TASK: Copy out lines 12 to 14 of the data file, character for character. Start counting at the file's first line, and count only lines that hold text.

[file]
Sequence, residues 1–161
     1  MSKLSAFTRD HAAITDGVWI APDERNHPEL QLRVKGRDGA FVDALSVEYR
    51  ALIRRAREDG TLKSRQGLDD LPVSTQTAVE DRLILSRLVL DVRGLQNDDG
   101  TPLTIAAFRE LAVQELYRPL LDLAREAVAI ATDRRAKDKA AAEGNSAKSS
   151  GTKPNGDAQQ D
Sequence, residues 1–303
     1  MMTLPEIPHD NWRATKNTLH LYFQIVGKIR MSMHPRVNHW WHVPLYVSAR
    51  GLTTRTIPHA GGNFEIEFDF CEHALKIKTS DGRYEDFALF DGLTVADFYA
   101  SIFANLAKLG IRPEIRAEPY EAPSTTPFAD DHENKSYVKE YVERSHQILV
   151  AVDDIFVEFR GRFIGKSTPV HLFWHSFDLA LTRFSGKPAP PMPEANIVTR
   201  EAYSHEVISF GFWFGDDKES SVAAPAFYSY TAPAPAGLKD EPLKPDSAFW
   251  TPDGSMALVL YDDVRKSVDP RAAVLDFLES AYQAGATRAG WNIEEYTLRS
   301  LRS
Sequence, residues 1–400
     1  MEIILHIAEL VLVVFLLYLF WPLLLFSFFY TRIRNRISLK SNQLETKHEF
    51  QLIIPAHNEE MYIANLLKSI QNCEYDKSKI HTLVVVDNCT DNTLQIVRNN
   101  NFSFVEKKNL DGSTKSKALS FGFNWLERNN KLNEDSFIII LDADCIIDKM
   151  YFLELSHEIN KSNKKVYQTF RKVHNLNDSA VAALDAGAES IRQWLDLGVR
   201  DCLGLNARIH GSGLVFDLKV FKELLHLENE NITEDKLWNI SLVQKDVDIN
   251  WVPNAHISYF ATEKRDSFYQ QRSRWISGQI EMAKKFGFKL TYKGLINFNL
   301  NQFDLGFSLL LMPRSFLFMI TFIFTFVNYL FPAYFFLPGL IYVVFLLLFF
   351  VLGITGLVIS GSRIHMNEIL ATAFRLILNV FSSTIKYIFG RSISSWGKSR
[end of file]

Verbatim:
   251  TPDGSMALVL YDDVRKSVDP RAAVLDFLES AYQAGATRAG WNIEEYTLRS
   301  LRS
Sequence, residues 1–400